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Who Do Centenarians Rely on for Support ? Findings from the Second Heidelberg Centenarian Study
Journal of Aging and Social Policy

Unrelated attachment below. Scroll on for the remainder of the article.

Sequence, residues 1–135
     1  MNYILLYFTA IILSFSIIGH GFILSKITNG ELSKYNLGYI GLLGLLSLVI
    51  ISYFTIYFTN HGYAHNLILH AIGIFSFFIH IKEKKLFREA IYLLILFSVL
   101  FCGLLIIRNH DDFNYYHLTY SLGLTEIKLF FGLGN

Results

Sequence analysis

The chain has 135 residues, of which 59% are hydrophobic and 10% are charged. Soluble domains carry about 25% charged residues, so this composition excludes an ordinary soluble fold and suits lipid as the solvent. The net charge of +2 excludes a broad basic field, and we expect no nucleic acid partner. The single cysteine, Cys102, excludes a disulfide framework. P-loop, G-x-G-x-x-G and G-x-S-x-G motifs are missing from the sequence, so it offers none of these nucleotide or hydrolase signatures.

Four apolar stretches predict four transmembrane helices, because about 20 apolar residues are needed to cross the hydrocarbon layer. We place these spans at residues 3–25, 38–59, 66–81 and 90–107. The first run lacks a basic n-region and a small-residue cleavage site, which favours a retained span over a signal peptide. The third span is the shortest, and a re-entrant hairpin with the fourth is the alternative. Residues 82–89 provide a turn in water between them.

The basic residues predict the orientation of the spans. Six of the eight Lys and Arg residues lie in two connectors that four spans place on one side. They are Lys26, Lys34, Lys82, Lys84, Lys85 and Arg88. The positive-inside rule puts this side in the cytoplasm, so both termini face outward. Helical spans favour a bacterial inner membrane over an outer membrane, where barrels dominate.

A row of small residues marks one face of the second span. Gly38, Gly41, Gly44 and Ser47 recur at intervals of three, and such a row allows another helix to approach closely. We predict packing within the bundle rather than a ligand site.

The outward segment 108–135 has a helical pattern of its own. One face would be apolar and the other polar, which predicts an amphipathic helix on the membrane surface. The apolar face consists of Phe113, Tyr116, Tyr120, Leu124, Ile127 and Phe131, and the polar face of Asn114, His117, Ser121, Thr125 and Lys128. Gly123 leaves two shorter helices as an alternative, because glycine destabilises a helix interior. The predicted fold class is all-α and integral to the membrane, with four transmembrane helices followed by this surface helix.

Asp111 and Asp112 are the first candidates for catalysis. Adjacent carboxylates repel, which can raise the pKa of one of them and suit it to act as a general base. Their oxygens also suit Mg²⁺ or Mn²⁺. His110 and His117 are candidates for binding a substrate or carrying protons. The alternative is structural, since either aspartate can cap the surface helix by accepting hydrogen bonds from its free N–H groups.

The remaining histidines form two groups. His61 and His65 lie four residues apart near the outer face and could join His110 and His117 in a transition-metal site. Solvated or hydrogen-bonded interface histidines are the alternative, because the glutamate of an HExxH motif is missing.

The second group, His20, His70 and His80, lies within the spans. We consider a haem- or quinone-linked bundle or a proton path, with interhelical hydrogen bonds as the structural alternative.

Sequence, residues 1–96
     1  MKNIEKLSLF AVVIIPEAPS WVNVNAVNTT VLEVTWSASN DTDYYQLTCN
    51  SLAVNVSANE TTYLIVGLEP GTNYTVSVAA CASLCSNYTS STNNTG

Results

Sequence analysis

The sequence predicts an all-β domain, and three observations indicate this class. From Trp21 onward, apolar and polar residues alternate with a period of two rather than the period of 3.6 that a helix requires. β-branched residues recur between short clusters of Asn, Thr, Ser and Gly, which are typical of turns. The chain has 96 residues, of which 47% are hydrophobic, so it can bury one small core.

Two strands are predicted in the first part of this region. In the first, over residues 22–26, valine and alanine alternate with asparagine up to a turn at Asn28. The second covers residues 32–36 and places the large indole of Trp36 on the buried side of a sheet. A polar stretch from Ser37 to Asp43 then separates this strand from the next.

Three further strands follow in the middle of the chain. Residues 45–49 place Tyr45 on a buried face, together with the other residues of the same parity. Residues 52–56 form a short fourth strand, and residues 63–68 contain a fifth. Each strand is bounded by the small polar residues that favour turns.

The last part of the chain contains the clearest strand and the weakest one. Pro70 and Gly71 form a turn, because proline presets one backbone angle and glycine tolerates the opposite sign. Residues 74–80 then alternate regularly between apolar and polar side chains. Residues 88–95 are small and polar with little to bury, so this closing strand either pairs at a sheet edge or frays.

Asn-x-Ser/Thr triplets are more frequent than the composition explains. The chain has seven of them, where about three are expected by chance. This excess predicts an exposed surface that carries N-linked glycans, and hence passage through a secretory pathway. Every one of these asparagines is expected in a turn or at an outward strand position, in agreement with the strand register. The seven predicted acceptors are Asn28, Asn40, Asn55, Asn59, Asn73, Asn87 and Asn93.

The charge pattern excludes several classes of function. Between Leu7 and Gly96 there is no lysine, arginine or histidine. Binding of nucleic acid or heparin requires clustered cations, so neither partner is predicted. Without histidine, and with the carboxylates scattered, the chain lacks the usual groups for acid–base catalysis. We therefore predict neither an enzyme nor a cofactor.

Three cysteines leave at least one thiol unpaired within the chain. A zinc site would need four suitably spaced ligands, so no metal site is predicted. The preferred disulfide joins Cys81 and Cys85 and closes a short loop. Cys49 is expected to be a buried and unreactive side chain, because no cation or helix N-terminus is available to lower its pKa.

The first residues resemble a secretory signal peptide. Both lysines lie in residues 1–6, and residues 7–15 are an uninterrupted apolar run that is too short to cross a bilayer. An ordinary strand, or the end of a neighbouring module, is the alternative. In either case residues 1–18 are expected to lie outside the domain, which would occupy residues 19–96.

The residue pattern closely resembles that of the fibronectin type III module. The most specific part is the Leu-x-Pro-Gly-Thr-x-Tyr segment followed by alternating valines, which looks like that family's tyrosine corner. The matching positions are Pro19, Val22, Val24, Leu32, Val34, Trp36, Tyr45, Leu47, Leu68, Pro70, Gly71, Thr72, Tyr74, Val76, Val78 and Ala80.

This paper provides a detailed picture of the sources and types of informal support available to centenarians, depending on housing and care arrangements. Participants were 112 centenarians and 96 primary contacts of enrolled centenarians from the population-based Second Heidelberg Centenarian Study. Findings indicate that the children of centenarians were the primary source of support in daily life. Those without living children had overall less help. Most frequently reported was help with administrative tasks, regardless of centenarians' residency or living arrangement. Other types of help (e.g., with activities of daily living and housework) were all reported by about one third, and were mostly provided by children; centenarians without children were more likely to have friends/neighbors involved in some of these tasks. The one category reported by a third of the centenarians regardless of residence, living arrangements, or having a child, was help with socializing/companionship. Findings constitute an important step towards identifying and meeting the support needs of centenarians and their families. Policy implications are discussed.
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